I played soccer for more than 15 years. About half that time, I sat on the bench.
Starting with the Ladybugs in 1st grade, I loved playing soccer. I continued through playing Division III soccer in college. All added up, I bet I practiced or played at least 250 hours a year for 15 years. Yes, more than 3,000 hours!
Even in junior high, I usually spent most of my select team game time on the bench. I don’t remember worrying about it much, but always enjoyed getting on the field. When playing for my less competitive public high school team, I excelled and was in the entire game, but still sat on the bench when with the select team.
Honestly, I rarely practiced outside of team obligations. I definitely didn’t get fit or work out in the off season. I never watched other people’s games or learned about soccer strategy like my fully committed teammates. I felt I had too many other things I wanted to do, like keep up my social life and other extracurricular activities.
I was still on the bench in college, which was another level of challenge, with tough opponents, many more hours in team practice, and trips on top of school work. After a few years of the stressful pace, I really began reconsidering. Should I be spending this much time preparing to sit on the bench? Do I even like this game? I decided to finish all four years on the team.
During that deliberation, I resolved that if I continued, I really should devote myself to getting better rather than just cruising along watching. That summer, I ran (wow) to get fit for the season. I paid attention to coaching. I observed my teammates to learn what they did well.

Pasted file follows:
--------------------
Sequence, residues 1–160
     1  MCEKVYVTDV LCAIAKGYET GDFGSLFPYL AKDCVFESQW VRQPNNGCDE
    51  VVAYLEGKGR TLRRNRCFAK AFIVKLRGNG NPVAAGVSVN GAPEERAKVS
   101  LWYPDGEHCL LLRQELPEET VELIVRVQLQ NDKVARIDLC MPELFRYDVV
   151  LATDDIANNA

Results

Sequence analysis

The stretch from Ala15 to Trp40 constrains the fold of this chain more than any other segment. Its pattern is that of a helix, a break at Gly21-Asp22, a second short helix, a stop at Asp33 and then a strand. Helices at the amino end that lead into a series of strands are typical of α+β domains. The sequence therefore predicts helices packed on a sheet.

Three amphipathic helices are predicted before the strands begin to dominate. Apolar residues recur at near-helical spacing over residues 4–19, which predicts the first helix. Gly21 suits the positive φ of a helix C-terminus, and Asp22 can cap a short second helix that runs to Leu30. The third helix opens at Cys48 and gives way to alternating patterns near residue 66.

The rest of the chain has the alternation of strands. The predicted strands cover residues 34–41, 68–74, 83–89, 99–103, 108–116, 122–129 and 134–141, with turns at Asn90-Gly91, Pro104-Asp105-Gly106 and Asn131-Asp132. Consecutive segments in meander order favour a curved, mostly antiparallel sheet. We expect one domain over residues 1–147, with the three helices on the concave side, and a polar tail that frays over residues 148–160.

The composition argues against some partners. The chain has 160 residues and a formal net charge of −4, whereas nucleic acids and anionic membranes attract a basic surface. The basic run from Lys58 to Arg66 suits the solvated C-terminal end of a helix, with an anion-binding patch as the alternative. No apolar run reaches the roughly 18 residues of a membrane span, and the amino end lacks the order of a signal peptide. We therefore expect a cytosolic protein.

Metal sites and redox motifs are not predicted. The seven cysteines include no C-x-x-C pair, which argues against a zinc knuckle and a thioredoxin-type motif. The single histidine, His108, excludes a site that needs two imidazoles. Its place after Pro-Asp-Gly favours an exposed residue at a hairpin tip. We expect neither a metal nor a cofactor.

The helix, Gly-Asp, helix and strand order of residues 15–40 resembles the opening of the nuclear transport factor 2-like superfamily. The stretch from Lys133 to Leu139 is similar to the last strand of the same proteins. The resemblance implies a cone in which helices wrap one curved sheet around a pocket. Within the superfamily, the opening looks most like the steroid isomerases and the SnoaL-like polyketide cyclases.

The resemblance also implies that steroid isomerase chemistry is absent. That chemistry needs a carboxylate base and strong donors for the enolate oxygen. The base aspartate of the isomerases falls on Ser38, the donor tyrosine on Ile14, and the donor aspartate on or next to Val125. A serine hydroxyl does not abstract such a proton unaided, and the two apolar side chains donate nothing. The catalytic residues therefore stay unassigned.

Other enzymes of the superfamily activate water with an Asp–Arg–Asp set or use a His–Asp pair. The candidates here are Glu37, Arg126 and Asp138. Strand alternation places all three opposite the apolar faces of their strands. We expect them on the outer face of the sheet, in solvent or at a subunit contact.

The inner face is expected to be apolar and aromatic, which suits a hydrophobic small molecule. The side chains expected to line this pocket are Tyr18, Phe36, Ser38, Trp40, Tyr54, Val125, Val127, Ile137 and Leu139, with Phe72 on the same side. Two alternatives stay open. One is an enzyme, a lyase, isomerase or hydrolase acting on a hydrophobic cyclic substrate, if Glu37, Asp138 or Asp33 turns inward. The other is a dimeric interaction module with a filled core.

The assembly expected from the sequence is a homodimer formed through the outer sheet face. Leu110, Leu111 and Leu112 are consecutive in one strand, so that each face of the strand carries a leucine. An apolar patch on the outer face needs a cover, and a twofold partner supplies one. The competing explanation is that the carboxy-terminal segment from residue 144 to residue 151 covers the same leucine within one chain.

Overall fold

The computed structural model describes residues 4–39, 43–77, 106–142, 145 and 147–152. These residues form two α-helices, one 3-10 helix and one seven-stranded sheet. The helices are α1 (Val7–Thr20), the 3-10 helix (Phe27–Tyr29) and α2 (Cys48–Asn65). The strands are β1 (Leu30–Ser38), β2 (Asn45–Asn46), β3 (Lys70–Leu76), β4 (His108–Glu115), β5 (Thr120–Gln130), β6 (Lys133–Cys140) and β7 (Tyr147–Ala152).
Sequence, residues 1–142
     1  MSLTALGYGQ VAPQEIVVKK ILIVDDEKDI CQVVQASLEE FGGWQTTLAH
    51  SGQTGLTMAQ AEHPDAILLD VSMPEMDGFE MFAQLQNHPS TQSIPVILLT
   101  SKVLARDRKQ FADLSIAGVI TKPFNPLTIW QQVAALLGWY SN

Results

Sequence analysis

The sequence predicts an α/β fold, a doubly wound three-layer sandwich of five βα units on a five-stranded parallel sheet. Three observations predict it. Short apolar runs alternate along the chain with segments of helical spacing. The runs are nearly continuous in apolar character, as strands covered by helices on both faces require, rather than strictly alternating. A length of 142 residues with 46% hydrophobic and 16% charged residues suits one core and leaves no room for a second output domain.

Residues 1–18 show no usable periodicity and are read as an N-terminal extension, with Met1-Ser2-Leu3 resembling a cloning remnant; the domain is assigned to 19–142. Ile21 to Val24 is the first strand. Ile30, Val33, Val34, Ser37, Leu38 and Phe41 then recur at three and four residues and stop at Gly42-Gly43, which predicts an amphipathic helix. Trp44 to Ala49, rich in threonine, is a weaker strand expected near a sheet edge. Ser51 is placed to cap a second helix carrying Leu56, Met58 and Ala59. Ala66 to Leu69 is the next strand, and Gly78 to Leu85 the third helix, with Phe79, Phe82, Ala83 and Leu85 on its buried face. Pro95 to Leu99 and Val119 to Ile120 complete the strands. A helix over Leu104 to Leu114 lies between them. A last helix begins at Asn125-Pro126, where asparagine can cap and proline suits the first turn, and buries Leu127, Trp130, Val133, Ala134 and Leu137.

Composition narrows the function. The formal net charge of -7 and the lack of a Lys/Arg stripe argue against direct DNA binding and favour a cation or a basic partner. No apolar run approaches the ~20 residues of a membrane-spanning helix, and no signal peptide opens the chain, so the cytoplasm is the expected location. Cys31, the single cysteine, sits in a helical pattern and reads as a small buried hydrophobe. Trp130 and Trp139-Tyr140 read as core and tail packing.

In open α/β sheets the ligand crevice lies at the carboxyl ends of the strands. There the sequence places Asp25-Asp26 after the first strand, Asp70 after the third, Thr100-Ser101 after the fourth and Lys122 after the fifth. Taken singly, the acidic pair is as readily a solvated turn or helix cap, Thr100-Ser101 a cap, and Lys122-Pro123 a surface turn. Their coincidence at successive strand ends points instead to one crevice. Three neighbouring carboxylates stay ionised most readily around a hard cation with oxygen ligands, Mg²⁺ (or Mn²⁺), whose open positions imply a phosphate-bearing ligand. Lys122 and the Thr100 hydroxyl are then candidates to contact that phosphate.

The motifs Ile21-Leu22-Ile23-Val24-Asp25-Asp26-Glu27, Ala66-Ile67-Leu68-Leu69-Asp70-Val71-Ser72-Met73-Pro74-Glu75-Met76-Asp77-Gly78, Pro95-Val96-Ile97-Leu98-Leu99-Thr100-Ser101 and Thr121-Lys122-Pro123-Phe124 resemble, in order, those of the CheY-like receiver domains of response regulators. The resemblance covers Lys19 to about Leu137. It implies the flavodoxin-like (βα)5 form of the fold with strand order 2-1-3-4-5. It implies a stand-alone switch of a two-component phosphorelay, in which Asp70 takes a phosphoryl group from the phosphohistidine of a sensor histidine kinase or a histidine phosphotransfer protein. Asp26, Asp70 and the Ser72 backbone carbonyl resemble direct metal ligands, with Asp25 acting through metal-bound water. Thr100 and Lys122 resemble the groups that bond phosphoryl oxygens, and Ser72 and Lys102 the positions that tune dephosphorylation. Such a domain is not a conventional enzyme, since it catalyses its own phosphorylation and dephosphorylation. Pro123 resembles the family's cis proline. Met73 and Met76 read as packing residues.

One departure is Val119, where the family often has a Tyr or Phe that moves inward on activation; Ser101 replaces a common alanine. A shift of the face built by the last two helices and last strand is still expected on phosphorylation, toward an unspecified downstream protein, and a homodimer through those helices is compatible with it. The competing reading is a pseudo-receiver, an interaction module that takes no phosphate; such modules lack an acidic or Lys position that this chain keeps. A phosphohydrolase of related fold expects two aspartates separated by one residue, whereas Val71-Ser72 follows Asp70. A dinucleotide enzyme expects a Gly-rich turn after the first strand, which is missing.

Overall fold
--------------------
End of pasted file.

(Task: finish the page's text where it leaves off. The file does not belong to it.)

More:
My confidence increased that fall even as my playing time did not. The next year, though, I competed for and won a starting spot on the team, not to mention I had a lot more fun. Through committing myself more fully to the game, I experienced the exhilaration and traditional “winning” success.
My soccer journey is similar to the decisions visual artists make (consciously or not) about their career paths. I wish I had considered these questions earlier so I could have chosen at what level to play and what made me happy.
Artists can make decisions about:
>How much time will I devote?
Determining willingness to devote not only to the actual craft in the studio, but also to strategies for career opportunities and to the art field in general, can help you avoid unnecessary guilt or expectations for yourself.
>How committed am I to this?
Commitment means risk, at least emotional and professional vulnerability and facilitates new potential career stages and opportunities.
>Who is my team?
I was a star on one team and a bench sitter on the other. It is hard to make decisions about competition levels and colleagues’ commitment without considering how others might judge this choice. I assumed I should want to be on the best team, even if I didn't get to play.
>What makes me really pleased about this endeavor?
Maybe I had more fun being the star, but was more fulfilled in the difficult competition. Either path could be satisfying, but I wouldn’t have expected to play on the star team without more commitment on my part. As an artist, the satisfaction might be in the actual art making, the thrill of its reception or a myriad of other factors. No one can define this fulfillment for you, but I hope you can define it for yourself.
OVAC invites you to the Artist Survival Kit workshop, “Career Paths” on May 22. I promise to avoid sports analogies as Sunni Mercer and I lead the day focused on artistic career stages, assessment, and practical job options.